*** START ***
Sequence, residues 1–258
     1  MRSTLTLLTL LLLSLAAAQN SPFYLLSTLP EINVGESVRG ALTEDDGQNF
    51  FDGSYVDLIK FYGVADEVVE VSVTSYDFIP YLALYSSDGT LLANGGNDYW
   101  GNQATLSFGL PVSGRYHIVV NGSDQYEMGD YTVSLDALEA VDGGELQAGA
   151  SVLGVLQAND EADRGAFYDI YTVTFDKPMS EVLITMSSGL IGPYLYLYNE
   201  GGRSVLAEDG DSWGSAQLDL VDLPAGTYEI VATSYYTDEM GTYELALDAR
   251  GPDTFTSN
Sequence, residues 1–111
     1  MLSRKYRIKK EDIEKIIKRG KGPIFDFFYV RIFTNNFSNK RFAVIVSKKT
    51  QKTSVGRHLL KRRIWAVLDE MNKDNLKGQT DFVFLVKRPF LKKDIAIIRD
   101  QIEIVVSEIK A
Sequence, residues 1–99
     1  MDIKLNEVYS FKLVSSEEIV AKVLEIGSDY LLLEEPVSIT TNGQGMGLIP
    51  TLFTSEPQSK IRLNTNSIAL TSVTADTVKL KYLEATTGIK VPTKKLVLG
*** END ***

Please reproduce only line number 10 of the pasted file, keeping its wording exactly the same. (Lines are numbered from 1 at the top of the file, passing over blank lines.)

    51  QKTSVGRHLL KRRIWAVLDE MNKDNLKGQT DFVFLVKRPF LKKDIAIIRD